Deposited into a tissue and then thrown away, boogers are typically never given a second thought. But do you know what they are? What they’re made of? What your Boone physician can tell about you from them?
What are Boogers?
So let’s start from the beginning. A booger is a mixture of water, mucus and any tiny particles that have been trapped in your nose hairs (germs, dust and pollen). The mucus in the booger can help prevent you from getting sicker and it can also be used by your Boone ear, nose and throat doctor to diagnose your illness.
Mucus lines the tissue of your mouth, nose, sinuses, throat, lungs and gastrointestinal tract. It prevents the tissue underneath it from drying out and helps trap unwanted substances such as germs and dust from entering the body. Mucus also contains antibodies that help your body identify bacteria and viruses and enzymes that help kill the foreign attackers.
For most people, they only notice their mucus output when they are sick. But it turns out that our bodies are always producing it and it just gets thicker when we are sick, making it more noticeable. According to your Boone doctor, the average person creates about one to one and a half liters of mucus a day.
What Should You Look for in Your Boogers?
Besides a change in consistency (remember your mucus gets thicken when you are sick), it can also change color. When you are healthy, your mucus is clear. As you get sick, it can change to yellow, green or even a reddish/brownish color. This change is caused by your immune system.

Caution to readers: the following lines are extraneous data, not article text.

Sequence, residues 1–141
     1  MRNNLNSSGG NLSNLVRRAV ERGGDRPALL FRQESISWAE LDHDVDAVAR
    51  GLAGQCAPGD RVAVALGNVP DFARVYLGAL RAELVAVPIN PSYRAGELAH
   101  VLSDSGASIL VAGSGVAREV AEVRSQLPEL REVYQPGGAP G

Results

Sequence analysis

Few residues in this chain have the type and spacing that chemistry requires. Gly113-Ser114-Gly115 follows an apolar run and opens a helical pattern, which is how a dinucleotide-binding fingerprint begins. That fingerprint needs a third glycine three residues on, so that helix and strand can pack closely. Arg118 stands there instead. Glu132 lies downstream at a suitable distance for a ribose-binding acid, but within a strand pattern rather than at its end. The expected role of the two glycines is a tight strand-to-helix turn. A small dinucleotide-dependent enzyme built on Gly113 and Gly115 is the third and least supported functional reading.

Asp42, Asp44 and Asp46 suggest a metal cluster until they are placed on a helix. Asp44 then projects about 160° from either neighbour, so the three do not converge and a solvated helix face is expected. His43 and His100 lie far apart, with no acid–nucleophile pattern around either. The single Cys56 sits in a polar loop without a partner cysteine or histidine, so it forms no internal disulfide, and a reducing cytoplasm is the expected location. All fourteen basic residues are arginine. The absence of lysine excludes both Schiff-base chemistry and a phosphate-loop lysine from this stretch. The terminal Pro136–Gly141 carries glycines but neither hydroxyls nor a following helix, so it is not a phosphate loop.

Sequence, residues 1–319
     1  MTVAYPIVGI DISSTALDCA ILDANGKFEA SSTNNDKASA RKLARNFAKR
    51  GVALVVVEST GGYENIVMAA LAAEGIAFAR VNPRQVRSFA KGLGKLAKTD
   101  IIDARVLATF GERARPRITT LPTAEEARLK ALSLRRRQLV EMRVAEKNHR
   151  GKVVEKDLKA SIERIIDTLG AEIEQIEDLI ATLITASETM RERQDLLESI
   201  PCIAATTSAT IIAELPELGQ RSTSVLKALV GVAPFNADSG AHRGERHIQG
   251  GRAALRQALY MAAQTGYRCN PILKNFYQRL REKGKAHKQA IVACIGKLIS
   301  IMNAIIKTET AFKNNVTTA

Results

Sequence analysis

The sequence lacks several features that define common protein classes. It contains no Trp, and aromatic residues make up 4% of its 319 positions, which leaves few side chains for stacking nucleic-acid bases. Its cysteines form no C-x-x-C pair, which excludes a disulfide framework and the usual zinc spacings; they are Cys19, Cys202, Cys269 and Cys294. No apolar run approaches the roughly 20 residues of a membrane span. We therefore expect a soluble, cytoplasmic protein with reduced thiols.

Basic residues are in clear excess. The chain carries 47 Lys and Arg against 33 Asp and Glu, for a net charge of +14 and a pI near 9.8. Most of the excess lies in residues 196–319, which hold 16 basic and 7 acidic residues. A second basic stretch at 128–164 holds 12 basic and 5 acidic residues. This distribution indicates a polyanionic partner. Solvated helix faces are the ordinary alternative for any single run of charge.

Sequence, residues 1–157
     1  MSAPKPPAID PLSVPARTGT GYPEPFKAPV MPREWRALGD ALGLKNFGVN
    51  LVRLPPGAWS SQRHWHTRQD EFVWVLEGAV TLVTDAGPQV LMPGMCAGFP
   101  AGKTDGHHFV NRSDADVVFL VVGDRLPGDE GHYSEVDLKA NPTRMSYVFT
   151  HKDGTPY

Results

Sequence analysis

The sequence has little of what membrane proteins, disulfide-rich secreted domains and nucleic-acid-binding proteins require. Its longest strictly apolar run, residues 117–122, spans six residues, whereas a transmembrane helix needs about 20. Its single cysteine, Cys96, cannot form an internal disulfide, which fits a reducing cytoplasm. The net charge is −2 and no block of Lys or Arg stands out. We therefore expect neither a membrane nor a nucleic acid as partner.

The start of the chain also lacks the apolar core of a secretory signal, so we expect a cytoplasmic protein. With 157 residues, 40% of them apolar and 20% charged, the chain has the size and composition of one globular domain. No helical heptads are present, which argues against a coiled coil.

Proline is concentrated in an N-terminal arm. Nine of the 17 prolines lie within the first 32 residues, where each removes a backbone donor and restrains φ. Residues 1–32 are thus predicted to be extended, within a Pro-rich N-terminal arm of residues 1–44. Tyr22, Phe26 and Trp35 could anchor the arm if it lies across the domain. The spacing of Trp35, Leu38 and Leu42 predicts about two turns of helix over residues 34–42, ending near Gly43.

When you have a cold your immune system sends out white blood cells called neutrophils. These cells contain a greenish enzyme; in large numbers, they can change the color of your mucus. A change to red or brown is often caused by blood, typically caused by a dry or irritated nasal lining. A little blood is fine; if you see large amounts it is time to contact your Boone doctor.
Best Solution for Mucus Buildup
Those with a chronic sinus problem are often overloaded with mucus. Over-the-counter antihistamines or decongestants can help. Antihistamines limit the release of histamines, which can trigger an allergic reaction causing the nose to swell up and release mucus. Decongestants cause the blood vessels in the nose to narrow, reducing the flow of blood to that area and causing you to produce less mucus.
While these drugs may work for you in the short term, many people do not want to deal with the negative side effects such dry mouth, dizziness and headaches.
The best solution to your mucus problems? Contact your Boone allergy expert. They can work with you to figure out what is causing your mucus problem and help you come up with a treatment plan.